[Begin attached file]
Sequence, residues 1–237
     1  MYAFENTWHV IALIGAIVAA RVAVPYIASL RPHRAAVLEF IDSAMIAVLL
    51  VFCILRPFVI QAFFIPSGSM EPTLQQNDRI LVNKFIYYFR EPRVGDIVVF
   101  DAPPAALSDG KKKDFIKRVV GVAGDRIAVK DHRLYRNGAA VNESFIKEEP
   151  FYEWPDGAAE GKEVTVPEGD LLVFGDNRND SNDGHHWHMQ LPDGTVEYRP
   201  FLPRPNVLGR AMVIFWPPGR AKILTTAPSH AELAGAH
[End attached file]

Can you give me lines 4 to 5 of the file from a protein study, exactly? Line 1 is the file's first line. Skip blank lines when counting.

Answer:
   101  DAPPAALSDG KKKDFIKRVV GVAGDRIAVK DHRLYRNGAA VNESFIKEEP
   151  FYEWPDGAAE GKEVTVPEGD LLVFGDNRND SNDGHHWHMQ LPDGTVEYRP